Poklonnaya Gora (русский. Покло́нная гора́, lit. a bow-down hill) is, at 171.5 metres, one of the highest spots in Moscow. Its two summits used to be separated by the Setun River, until one of the summits was razed in 1987. Since 1936, the area has been part of Moscow and now contains the Victory Park with many vehicles and tanks used in the Second World War on display.
Historically, the hill had great strategic importance, as it commanded the best view of the Russian capital. Its name is derived from the Russian for "take a bow", as everyone approaching the capital from the west was expected to do homage here. In 1812, it was the spot where Napoleon in vain expected the keys to the Kremlin to be brought to him by Russians.
In the 1960s, the Soviet authorities decided to put the area to use as an open-air museum dedicated to the Russian victory over Napoleon. The Moscow triumphal arch, erected in wood in 1814 and in marble in 1827 to a design by Osip Bove, was relocated and reconstructed here in 1968. A loghouse, where Kutuzov which decided to surrender Moscow to the enemy, was designated a national monument. The huge panorama "Battle of Borodino" by Franz Roubaud (1910-12) was installed here in 1962. A monument to Kutuzov was opened in 1973.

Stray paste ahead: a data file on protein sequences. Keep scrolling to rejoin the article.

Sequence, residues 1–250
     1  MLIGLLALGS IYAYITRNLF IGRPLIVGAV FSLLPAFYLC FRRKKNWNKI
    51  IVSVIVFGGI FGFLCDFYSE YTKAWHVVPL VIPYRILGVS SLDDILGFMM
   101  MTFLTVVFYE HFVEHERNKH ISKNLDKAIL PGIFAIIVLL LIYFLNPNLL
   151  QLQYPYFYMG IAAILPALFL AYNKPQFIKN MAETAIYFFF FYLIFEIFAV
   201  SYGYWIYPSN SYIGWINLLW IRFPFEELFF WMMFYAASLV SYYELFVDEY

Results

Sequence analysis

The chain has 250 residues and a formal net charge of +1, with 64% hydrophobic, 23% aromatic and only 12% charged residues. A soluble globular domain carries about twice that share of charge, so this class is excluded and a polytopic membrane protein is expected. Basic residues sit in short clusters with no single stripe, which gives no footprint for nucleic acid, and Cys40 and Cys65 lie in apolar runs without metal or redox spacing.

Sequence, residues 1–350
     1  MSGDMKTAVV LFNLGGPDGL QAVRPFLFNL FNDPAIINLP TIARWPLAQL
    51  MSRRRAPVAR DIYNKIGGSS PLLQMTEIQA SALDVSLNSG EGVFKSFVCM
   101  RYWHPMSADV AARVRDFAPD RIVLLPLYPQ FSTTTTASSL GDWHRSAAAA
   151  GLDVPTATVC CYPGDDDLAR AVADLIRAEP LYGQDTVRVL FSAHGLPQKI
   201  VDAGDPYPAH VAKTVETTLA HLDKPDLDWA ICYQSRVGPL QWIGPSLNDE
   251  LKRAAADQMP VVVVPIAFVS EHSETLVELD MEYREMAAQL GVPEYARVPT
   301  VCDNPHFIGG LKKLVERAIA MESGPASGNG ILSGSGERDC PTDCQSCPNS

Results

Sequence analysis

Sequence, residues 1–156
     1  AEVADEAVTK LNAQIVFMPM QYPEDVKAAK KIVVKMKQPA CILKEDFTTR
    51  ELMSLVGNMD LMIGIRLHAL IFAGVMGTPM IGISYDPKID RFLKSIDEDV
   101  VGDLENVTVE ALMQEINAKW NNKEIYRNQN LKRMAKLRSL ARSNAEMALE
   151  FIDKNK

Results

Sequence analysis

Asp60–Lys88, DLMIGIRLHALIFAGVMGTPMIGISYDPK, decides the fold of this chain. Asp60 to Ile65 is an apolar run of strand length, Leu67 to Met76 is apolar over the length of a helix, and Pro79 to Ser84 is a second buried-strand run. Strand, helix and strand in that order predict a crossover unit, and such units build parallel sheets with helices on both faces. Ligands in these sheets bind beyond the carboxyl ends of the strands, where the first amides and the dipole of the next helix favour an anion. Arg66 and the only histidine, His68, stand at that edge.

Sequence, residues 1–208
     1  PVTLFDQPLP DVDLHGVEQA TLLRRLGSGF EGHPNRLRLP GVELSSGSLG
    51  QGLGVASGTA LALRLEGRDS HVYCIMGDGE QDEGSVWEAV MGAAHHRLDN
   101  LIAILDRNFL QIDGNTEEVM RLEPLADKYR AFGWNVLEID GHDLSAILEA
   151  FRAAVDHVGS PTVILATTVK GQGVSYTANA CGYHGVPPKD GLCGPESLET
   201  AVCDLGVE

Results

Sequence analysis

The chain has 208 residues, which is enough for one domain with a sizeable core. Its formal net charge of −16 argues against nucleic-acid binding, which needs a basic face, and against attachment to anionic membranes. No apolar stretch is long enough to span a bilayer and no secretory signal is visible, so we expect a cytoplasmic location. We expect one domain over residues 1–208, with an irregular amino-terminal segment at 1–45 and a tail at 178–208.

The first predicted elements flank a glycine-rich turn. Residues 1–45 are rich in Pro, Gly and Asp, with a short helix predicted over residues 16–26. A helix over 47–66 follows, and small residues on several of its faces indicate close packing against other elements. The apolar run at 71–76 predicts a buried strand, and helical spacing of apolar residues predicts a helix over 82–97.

Since the 1980s the hill was transformed into the monumental museum to the Soviet victory in the Great Patriotic War. The main building of the museum was constructed between 1983 and 1995. The Victory Park and the Square of Victors are important parts of the outdoor museum. In the 1990s an obelisk was added with a statue of Nike and a monument of St George slaying the dragon, both designed by Zurab Tsereteli. A golden-domed Orthodox church was erected on the hilltop in 1993-95, followed by a memorial mosque and the Holocaust Memorial Synagogue.
At the 60th V-day celebrations in 2005, President Vladimir Putin inaugurated 15 extravagant bronze columns, symbolizing main fronts and navies of the Red Army during the World War II.